Figure 1: Delays from onset to confirmation, by date of confirmation. Every dot is one reported case with onset and confirmation dates reported. The blue line indicates a loess-smoothed trend. We only used confirmation delays to the right of the dashed line in the further analysis.

Adjusting the number of reported cases for confirmation delays

Since only 10% of cases have been confirmed within a day, 43% within 3 days and 64% within 5 days, we are estimating that there is a significant backlog of cases that will eventually be confirmed but has yet to be reported. These estimates are to be taken with caution as they would overestimate the true number of cases if the delays to confirmation have been reduced over the past few days.

Figure 2: Number of confirmed cases by date of onset as reported in two subsequent reports by the China Center for Disease Control and Prevention [10,11] (red), and as estimated accounting for reporting delays (black). The dates given as date of report are the cut-off dates for cases in the reports.

Time-varying reproduction number

In the time-varying reproduction number, we see differences depending on the serial interval distribution used. With a serial interval as estimated in the early epidemic the latest estimate of the basic reproduction number is . There is no apparent downward trend in the reproduction number. There seems to be a recent uptick in the reproduction number. This may be an artifact of the adjustment to confirmation delays, especially if cases are being confirmed more recently than we assumed here.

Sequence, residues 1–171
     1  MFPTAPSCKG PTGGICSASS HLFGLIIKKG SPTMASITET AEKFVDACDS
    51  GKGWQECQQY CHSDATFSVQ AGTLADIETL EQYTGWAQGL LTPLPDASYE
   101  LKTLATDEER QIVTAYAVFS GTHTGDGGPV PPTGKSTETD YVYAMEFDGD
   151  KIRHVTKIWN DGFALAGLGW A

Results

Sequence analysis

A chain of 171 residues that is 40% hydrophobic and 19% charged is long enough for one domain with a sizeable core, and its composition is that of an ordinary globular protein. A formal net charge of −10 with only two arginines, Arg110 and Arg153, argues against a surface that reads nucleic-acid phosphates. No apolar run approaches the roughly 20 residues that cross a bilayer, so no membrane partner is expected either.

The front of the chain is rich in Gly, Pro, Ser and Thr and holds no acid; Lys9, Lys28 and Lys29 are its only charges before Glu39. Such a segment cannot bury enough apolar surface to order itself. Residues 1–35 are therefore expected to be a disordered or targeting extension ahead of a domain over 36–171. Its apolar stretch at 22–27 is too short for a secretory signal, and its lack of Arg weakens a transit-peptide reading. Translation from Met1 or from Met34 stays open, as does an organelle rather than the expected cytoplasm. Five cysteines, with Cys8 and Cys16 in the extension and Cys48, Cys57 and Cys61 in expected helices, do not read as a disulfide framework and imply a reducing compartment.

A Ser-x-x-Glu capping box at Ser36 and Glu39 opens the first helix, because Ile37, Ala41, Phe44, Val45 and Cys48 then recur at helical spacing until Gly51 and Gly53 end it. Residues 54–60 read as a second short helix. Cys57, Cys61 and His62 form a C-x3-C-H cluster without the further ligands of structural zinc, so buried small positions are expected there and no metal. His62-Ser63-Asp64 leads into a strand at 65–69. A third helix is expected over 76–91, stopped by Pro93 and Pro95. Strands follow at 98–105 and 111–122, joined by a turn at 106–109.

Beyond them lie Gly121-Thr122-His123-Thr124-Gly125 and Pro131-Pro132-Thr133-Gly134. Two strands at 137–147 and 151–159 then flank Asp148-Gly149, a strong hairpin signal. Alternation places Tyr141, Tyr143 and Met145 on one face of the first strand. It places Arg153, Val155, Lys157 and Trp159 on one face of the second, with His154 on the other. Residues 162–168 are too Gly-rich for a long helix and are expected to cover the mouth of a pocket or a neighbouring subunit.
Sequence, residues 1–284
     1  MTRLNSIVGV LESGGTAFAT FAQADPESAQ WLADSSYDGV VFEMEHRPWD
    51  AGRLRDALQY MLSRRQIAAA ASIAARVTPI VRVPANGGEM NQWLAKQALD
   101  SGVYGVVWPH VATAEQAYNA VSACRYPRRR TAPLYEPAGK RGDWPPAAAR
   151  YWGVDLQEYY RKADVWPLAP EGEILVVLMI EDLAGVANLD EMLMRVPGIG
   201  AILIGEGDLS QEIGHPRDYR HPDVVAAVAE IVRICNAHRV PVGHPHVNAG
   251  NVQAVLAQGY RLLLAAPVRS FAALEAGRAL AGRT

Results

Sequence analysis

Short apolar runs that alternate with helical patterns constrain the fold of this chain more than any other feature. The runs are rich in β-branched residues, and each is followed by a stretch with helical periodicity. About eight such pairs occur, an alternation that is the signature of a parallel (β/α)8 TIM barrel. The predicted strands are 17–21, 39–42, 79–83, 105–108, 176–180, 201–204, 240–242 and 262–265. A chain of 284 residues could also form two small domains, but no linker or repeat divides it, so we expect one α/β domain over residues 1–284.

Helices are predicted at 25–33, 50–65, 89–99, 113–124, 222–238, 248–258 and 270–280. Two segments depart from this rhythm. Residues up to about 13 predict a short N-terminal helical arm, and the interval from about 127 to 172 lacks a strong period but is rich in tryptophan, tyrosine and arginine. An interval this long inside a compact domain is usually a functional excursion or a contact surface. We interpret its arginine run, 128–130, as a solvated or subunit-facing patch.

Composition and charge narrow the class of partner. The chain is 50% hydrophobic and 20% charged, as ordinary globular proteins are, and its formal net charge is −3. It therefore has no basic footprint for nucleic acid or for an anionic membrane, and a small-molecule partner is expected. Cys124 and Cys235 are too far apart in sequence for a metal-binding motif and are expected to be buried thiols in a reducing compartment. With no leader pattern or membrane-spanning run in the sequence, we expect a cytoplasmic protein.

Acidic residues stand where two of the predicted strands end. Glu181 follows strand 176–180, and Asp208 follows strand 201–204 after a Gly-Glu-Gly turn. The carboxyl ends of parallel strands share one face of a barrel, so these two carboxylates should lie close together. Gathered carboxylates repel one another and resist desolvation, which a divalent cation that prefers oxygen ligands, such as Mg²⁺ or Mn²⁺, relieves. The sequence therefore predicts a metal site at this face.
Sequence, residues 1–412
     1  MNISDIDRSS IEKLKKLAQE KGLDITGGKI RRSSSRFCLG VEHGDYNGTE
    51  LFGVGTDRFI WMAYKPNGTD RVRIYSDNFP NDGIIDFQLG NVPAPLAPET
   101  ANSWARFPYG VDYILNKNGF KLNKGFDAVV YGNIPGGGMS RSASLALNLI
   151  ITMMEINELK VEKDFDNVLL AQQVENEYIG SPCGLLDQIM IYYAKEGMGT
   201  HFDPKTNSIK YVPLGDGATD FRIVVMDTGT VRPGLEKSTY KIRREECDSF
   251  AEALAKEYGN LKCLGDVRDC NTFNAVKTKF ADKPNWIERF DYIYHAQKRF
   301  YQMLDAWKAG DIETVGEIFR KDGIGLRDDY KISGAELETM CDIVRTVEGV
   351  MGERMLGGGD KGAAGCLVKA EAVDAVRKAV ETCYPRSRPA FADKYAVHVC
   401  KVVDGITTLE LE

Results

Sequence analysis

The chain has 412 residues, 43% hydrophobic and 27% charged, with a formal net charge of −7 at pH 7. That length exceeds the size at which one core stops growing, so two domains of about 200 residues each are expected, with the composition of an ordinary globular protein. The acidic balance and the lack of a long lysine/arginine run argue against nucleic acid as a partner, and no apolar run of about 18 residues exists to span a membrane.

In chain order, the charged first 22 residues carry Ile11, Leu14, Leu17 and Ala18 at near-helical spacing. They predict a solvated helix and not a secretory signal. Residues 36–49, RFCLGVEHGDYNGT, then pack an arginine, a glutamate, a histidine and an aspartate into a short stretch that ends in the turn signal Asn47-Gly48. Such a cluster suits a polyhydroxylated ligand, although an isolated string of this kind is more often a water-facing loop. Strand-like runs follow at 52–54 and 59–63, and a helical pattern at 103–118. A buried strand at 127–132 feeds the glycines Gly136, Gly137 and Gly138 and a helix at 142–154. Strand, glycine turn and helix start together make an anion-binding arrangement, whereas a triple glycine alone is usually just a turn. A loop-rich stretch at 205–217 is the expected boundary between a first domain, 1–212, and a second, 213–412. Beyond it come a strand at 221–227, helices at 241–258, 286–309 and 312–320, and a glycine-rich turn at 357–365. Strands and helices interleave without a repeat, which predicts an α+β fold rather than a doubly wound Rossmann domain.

Figure 3: Time-varying reproduction number for different assumed serial interval distributions. The grey shading indicates the time period where cases are scaled up by more than 50% to account for delays in confirming cases; this area should be considered highly uncertain.


1 Xu B, Gutierrez B, Hill S et al. Epidemiological Data from the nCoV-2019 Outbreak: Early Descriptions from Publicly Available Data. 2020.

2 Cori A. EpiEstim: Estimate time varying reproduction numbers from epidemic curves. 2019.

3 R Core Team. R: A language and environment for statistical computing. Vienna, Austria:: R Foundation for Statistical Computing


4 Cori A, Ferguson NM, Fraser C et al. A New Framework and Software to Estimate Time-Varying Reproduction Numbers During Epidemics. American Journal of Epidemiology 2013;178:1505–12. doi:10.1093/aje/kwt133

5 Wallinga J, Teunis P. Different Epidemic Curves for Severe Acute Respiratory Syndrome Reveal Similar Impacts of Control Measures. American Journal of Epidemiology 2004;160:509–16. doi:10.1093/aje/kwh255

6 Li Q, Guan X, Wu P et al. Early transmission dynamics in wuhan, china, of novel coronavirus–infected pneumonia. New England Journal of Medicine;0:null. doi:10.1056/NEJMoa2001316

7 Lipsitch M. Transmission Dynamics and Control of Severe Acute Respiratory Syndrome. Science 2003;300:1966–70.

8 Cauchemez S, Nouvellet P, Cori A et al. Unraveling the drivers of mers-cov transmission. Proceedings of the National Academy of Sciences 2016;113:9081–6. doi:10.1073/pnas.1519235113

9 Wu P, Hao X, Lau EHY et al. Real-time tentative assessment of the epidemiological characteristics of novel coronavirus infections in wuhan, china, as at 22 january 2020. Eurosurveillance 2020;25. doi:

10 Epidemic update and risk assessment of 2019 novel coronavirus. 27 january, 2020.

11 Epidemic update and risk assessment of 2019 novel coronavirus. 28 january, 2020.